Monday, April 13, 2009

Dennis the Menace vol. 5 and Searle in the Sixties

Here's how this works. I read a book or two and tell you about them and try not to get too long-winded. This time, reviews of Hank Ketcham's Complete Dennis the Menace 1959-1960 (volume five) (Fantagraphics, 2009) and Searle in the Sixties (Penguin, 1964).

A couple of weeks back, I was mentioning how Monkey Punch's linework on Lupin III in the sixties evoked both Hank Ketcham and Ronald Searle to me. And here are a couple of books from these two. Fantagraphics has been releasing Dennis the Menace in two-year volumes for a while now, and I said when they started, after having my mind blown by how remarkable the earliest stuff with this character was, that I doubted it would be worth following beyond the fifth book. Well, the fifth book is here, and I was mistaken. I should have stopped at four.

True, I laughed three or four times reading this, and there are certainly places where Ketcham kicks his reliably beautiful inking into overdrive and pulls out some eyepoppingly amazing work. I stared at a panel of Dennis and his dad fishing by a gnarled old tree for at least five minutes, marvelling at how gorgeous Ketcham made that scene look. But I also turned past several pages with my eyes rolled, not popped, as Dennis says his bedtime prayers and tells Mrs. Wilson how comfy her lap is. Dennis may have started his career so remarkably menacing that he'd have driven that British kid of the same name running in terror, but five books in and this little scamp is more Walter the Softy, to be blunt. Recommended for cartoonists and artists, and nobody else.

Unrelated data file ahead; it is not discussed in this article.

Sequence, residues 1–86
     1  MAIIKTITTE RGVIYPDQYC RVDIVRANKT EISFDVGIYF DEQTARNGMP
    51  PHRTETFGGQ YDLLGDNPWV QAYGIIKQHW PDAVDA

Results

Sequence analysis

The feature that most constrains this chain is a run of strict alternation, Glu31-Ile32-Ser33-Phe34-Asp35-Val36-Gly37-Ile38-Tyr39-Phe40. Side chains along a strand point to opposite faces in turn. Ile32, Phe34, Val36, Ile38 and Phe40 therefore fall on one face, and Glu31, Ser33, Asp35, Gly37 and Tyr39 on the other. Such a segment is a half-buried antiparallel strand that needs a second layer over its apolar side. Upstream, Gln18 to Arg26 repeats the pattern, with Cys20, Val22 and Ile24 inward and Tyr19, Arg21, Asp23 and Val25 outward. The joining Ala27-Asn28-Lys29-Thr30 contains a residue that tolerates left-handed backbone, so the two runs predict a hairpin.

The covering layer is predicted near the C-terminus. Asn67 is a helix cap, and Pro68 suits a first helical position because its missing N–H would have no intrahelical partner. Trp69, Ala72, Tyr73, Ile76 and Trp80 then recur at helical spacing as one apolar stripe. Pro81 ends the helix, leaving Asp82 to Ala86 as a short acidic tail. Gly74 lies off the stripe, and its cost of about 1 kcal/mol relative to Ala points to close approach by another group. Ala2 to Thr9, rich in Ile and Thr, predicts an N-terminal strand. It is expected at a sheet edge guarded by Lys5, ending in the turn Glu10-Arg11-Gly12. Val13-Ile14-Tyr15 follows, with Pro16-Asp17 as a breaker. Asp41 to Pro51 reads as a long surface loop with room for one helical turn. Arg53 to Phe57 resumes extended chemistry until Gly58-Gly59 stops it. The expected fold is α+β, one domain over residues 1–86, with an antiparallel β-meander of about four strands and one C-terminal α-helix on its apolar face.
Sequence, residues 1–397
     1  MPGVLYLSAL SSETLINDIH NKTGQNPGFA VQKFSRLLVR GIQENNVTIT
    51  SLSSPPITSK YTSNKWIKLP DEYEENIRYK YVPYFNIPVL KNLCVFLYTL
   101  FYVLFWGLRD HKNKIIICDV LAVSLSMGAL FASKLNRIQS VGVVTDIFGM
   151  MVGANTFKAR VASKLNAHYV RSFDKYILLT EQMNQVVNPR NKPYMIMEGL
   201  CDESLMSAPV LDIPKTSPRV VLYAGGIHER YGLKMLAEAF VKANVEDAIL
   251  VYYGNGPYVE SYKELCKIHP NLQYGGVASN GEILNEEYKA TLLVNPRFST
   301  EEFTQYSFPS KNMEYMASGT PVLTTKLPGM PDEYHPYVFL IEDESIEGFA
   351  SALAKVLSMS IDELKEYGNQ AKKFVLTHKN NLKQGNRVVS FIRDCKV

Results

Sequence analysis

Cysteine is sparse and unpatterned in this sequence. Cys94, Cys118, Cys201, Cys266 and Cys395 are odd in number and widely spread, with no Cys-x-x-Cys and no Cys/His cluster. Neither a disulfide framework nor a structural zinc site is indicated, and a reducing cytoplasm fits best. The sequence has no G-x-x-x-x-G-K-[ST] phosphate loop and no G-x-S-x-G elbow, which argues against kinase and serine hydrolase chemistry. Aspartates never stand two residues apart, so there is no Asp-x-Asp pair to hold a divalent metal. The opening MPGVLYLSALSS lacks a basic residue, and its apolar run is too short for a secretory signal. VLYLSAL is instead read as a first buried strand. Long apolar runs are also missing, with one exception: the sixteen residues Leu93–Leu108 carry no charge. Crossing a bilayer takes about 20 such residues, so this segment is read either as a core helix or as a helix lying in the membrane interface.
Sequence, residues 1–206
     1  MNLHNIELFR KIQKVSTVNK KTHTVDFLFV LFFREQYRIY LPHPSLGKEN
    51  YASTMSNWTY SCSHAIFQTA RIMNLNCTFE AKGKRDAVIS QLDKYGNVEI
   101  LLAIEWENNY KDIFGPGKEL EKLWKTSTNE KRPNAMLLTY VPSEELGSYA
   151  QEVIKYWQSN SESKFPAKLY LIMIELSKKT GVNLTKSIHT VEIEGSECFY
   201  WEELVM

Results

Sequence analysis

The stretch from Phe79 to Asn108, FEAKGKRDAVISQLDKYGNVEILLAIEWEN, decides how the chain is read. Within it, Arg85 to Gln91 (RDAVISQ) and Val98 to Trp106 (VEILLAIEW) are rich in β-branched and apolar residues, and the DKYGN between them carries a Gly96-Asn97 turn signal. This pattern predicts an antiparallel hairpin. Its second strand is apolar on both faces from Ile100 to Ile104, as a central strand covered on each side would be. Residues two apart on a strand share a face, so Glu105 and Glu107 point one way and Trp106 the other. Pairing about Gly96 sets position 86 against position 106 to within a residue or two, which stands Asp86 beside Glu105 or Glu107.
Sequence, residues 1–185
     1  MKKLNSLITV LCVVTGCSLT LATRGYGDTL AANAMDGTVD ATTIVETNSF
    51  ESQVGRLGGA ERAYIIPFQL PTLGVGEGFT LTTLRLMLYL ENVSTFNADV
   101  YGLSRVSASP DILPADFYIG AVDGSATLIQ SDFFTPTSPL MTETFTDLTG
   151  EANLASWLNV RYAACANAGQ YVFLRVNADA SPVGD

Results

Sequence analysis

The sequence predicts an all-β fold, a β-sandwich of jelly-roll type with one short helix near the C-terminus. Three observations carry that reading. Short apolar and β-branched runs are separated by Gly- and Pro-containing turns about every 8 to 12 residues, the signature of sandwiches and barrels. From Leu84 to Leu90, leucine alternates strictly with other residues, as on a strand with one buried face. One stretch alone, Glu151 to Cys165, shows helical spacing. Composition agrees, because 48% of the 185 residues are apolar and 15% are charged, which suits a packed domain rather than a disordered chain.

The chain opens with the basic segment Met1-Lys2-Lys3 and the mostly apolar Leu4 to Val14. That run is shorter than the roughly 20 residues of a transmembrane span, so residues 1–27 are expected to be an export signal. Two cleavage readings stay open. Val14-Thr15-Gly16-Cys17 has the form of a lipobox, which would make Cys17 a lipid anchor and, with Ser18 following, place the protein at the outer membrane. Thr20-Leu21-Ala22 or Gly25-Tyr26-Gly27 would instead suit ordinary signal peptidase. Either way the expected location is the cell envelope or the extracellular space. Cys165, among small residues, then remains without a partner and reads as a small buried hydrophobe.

Ever since I read the complete St. Trinian's book (your Hipster Dad's Best Book of 2008), I've been keeping an eye out for old editions of Ronald Searle's work, and found this lovely Penguin paperback at the Book Eddy in Knoxville. This is one of my very favorite bookstores, and I'm already looking forward to stopping back by sometime in July. Searle in the Sixties is a collection of illustrations he'd done over a four-year period for magazines ranging from Punch to Sports Illustrated, ranging from bizarre caricatures to travelogues of everywhere from Las Vegas to Paris to Sanibel Island, of all places.

Searle's love of lines is evident in every picture, and I adore how his focus finds the most comical element of any situation and draws attention to it. A drawing inside a burlesque show is not about the topless cutie on the stage, but the table of old codgers with their noses in the air looking at her. The material from European travelogues and portraits is perhaps even more interesting. Even if I don't know who some of the players are, I really get the impression that Searle has illustrated the Swinging London of Ready, Steady, Go! and That Was The Week That Was better than anybody else.

This book is long out of print, and according to the back cover was never available in the US "for copyright reasons," but you can pick up a copy from used book dealers by clicking the picture above. If you like art or you like the sixties, I recommend you do so!

No comments: